Chinese aviation has certainly come a long way in the past 30 years or so - see my history of Chinese airline development. I have a vague fondness for the original Civil Aviation Administration of China's (CAAC) airline as their 747SPs (hello Gemini wakey wakey) were regular visitors to London Gatwick when I was a kid.
Still the creation of some competition and the 6 initial separate regional airlines (China Eastern, Southern, Southwest, Northern, Northwest and Air China) in 1987 was a major step forward for Chinese aviation which hasn't looked back since. CAAC itself didn't have the best reputation hence the spurious acronym in the blog title - one of several that existed at the time!
CAAC was formed after World War Two to manage all non-military aviation and provide all commercial flight service. The fleet initially consisted of Russian types but in 1963 China departed from its Marxist stance and purchased six Viscounts. These were followed by the purchase of four PIA Tridents and then in 1971 a direct order for six new Trident 2Es. In December 1973 China even borrowed from foreign banks to finance the purchase of 15 further Tridents. Eventually over 30 would be operated including a pair of Trident 3Bs which had an extended range of 692 miles further than standard 3Bs. B-270 was the second of these and joined the Chinese Air Force as 50058 in late 1981. Operated by China United Airlines from June 1990 she was stored in October 1992.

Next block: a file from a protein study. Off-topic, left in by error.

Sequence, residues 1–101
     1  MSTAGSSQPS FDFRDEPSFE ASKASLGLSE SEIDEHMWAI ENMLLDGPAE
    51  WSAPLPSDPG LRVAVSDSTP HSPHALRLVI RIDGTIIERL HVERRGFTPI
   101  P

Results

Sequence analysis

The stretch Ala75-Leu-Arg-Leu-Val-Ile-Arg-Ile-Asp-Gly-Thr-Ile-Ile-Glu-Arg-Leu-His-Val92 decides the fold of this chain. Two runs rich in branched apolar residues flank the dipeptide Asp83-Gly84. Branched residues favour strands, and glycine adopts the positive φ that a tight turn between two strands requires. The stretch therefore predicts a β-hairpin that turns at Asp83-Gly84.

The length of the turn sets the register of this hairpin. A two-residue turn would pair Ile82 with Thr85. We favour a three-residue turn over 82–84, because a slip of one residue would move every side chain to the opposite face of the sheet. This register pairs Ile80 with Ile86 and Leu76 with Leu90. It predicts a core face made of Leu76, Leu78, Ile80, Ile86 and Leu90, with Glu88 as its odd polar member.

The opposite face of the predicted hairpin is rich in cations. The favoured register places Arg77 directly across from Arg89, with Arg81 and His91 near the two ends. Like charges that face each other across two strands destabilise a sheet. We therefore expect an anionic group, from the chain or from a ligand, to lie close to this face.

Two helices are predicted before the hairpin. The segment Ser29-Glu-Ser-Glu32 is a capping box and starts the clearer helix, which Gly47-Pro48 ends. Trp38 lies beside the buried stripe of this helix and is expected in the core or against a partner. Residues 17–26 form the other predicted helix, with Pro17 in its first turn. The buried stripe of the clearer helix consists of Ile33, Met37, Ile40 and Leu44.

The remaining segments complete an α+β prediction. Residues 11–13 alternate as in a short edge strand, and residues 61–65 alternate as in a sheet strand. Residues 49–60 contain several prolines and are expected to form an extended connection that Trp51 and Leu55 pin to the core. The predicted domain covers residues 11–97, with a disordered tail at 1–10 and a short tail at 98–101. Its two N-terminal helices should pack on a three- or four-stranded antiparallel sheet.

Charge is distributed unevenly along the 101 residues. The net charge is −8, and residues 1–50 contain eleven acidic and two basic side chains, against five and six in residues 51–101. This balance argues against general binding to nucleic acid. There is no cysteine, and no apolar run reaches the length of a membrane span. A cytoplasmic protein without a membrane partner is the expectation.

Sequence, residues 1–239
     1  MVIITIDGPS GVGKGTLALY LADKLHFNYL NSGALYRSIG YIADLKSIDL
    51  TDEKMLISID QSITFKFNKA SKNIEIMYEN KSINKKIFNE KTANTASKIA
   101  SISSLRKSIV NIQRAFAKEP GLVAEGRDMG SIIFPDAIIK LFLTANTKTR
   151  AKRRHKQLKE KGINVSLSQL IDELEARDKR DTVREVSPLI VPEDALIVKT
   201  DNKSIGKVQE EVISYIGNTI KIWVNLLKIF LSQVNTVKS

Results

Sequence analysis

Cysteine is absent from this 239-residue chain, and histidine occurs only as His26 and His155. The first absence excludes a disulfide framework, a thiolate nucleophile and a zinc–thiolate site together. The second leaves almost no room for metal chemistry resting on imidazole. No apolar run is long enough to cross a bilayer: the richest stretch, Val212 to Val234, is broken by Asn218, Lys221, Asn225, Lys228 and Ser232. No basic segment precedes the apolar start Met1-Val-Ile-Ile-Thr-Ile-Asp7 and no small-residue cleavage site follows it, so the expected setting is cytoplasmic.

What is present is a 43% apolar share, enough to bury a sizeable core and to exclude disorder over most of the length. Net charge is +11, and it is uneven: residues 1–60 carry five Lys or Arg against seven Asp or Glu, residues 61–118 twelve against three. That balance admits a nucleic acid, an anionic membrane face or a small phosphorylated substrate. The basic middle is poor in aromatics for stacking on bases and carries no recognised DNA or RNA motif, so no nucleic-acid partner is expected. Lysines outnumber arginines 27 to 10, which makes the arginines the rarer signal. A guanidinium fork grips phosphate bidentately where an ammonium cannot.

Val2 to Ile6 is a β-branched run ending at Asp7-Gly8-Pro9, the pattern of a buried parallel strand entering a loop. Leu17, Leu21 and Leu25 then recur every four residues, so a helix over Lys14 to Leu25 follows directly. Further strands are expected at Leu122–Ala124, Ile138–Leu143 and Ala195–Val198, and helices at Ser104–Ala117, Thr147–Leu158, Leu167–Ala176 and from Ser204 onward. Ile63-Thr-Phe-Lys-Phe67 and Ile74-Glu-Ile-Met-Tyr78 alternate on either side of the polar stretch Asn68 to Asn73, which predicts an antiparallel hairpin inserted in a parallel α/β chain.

The Civil Aviation Administration of China became a 737 operator in February 1983 when the first of 16 737-200s were delivered. These were swiftly followed by 8 series 300s of which B-2517 was the first. In late 1987 the airline division of CAAC was split up into 6 separate airlines and its fleet spread between them.
CAAC subsequently ordered large numbers of 737-300/500s for these airlines. B-2517 became part of the fleet of China Southwest and then Air China but was still in her CAAC colours as late as 1993. She then joined China Yunnan Airlines who were merged into China Eastern in 2003. She was repainted into China Eastern colours but was released in August 2006 when she was converted to a freighter for Donghai Airlines with whom she still serves.
I'm Richard Stretton: a fan of classic airliners and airlines who enjoys exploring their history through my collection of die-cast airliners. If you enjoy the site please donate whatever you can to help keep it running: